1669 (MDCLXIX) was a common year starting on Tuesday of the Gregorian calendar and a common year starting on Friday of the Julian calendar, the 1669th year of the Common Era (CE) and Anno Domini (AD) designations, the 669th year of the 2nd millennium, the 69th year of the 17th century, and the 10th and last year of the 1660s decade. As of the start of 1669, the Gregorian calendar was 10 days ahead of the Julian calendar, which remained in localized use until 1923.

Millennium: 2nd millennium
Centuries:
Decades:
Years:
1669 in various calendars
Gregorian calendar1669
MDCLXIX
Ab urbe condita2422
Armenian calendar1118
ԹՎ ՌՃԺԸ
Assyrian calendar6419
Balinese saka calendar1590–1591
Bengali calendar1076
Berber calendar2619
English Regnal year20 Cha. 2 – 21 Cha. 2
Buddhist calendar2213
Burmese calendar1031
Byzantine calendar7177–7178
Chinese calendar戊申年 (Earth Monkey)
4365 or 4305
    — to —
己酉年 (Earth Rooster)
4366 or 4306
Coptic calendar1385–1386
Discordian calendar2835
Ethiopian calendar1661–1662
Hebrew calendar5429–5430
Hindu calendars
 - Vikram Samvat1725–1726
 - Shaka Samvat1590–1591
 - Kali Yuga4769–4770
Holocene calendar11669
Igbo calendar669–670
Iranian calendar1047–1048
Islamic calendar1079–1080
Japanese calendarKanbun 8
(寛文8年)
Javanese calendar1591–1592
Julian calendarGregorian minus 10 days
Korean calendar4002
Minguo calendar243 before ROC
民前243年
Nanakshahi calendar201
Thai solar calendar2211–2212
Tibetan calendar阳土猴年
(male Earth-Monkey)
1795 or 1414 or 642
    — to —
阴土鸡年
(female Earth-Rooster)
1796 or 1415 or 643
September 27: After 21 years the siege of Candia ends.

EventsEdit

January–MarchEdit

April–JuneEdit

July–SeptemberEdit

  • July 13Trinh Tac, the warlord who administers the Kingdom of Vietnam, issues an order banning all foreign vessels from entering the harbor at Hanoi, requiring to anchor no closer than the river port at Pho Hien, 35 miles (56 km) down the Red River from Hanoi.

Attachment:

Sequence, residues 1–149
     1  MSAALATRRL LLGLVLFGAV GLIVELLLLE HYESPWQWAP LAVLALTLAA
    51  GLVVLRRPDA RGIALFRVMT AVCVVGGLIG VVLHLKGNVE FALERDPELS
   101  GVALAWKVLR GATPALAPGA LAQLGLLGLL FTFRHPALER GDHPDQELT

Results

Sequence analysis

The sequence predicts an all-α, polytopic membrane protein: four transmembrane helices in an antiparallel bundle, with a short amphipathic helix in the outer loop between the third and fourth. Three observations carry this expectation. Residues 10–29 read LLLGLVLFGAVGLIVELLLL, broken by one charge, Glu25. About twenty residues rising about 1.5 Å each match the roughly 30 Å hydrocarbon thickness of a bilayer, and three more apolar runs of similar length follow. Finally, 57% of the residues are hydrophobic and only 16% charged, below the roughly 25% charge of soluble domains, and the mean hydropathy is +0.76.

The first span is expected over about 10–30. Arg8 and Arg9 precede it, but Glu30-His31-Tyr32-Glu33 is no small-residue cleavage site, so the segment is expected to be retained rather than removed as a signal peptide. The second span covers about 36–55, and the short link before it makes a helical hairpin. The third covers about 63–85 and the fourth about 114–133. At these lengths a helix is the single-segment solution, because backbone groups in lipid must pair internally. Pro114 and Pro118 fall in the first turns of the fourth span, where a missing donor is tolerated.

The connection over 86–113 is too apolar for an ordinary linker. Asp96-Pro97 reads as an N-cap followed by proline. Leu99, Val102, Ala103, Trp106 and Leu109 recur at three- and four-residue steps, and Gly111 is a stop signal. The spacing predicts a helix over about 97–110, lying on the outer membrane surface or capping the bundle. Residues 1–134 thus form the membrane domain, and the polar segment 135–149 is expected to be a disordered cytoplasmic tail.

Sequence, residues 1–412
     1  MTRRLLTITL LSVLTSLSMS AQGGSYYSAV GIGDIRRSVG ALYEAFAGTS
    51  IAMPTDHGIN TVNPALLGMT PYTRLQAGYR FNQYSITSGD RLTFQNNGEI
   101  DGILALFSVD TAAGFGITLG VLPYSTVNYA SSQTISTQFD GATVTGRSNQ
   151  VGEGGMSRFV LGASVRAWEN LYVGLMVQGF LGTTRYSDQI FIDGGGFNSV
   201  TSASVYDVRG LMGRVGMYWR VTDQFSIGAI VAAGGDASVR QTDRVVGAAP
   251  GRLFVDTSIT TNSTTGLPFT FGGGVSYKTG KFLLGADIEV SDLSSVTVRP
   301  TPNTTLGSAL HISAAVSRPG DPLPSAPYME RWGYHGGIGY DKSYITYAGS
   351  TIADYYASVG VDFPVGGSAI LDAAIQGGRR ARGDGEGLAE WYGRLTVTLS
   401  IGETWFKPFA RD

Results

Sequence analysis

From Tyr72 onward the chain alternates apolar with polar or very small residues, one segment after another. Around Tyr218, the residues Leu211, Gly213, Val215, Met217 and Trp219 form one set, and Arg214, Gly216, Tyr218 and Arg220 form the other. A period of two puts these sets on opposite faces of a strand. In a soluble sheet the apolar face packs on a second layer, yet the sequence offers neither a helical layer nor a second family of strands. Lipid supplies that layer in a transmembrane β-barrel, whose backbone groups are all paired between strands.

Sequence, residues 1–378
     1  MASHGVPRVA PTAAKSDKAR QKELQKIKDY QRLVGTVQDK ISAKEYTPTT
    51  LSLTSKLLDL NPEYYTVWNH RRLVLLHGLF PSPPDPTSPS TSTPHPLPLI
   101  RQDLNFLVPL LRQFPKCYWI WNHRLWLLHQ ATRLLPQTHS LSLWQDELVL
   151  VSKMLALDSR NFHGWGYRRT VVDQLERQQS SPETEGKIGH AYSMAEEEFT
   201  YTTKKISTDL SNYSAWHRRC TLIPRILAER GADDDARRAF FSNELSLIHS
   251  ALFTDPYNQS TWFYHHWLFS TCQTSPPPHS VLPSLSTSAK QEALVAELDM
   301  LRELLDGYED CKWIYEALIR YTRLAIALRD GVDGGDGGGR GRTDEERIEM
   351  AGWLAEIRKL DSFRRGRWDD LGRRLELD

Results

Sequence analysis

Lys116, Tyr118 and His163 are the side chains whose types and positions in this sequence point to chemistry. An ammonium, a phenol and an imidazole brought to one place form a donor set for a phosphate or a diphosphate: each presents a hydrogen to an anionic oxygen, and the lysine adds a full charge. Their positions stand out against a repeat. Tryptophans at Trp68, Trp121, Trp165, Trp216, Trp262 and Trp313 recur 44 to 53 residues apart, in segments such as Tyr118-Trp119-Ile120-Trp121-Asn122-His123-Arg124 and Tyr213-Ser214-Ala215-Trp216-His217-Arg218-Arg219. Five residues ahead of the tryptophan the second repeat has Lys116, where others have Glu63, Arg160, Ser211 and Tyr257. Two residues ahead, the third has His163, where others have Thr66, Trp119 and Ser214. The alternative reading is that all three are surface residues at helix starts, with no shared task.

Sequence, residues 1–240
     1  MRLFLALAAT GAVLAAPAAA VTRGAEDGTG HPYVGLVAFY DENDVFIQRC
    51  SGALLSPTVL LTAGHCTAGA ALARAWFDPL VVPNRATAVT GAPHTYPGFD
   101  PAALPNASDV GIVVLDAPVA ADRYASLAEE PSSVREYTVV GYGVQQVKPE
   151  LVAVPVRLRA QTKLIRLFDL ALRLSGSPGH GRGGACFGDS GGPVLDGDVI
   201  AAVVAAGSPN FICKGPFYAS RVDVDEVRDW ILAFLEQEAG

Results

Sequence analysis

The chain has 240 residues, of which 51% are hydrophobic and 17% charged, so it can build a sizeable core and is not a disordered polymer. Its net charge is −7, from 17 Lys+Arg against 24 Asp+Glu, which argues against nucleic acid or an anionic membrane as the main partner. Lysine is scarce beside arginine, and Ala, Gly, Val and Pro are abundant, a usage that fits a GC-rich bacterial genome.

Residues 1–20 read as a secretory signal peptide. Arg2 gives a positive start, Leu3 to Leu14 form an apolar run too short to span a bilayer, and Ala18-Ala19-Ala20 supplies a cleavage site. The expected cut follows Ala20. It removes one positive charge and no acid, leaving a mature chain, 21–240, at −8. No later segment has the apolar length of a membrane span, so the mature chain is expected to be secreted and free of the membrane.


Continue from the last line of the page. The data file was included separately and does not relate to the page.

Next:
• July 16 – A rockfall from the Mönchsberg mountain above Salzburg in Austria kills 230 people as tons of the mountainside fall onto a neighborhood on a street, the Gstättengasse.
  • July 24 – During an attempt by a fleet of French Navy ships to stop the siege of Candia by bombardment of Ottoman positions on the island of Crete, the arsenal of gunpowder on the French flagship, the 56-gun warship Thérèse, catches fire and explodes. Out of 350 crew on the Thérèse, only seven survive. Demoralized, the remaining French commanders halt the bombardment and the fleet withdraws.
  • July 25 – Pieter Bickel, a Lutheran pastor and a mountaineer in Austria, becomes the first person ever to climb to the peak of the tallest of the Southeastern Walsertal Mountains, the 8,310 feet (2,530 m) Großer Widderstein.
  • July – The Hanseatic League, after 400 years of operation, holds its last official meeting, taking place at the city of Lübeck. At its height, the economic alliance of German cities had 180 members; only nine (Lübeck, Hamburg, Bremen, Danzig, Braunschweig, Cologne, Hildesheim, Osnabrück and Rostock) are represented for the final gathering. [6] According to one author, the final series of meetings had started on May 29, 1669. [7]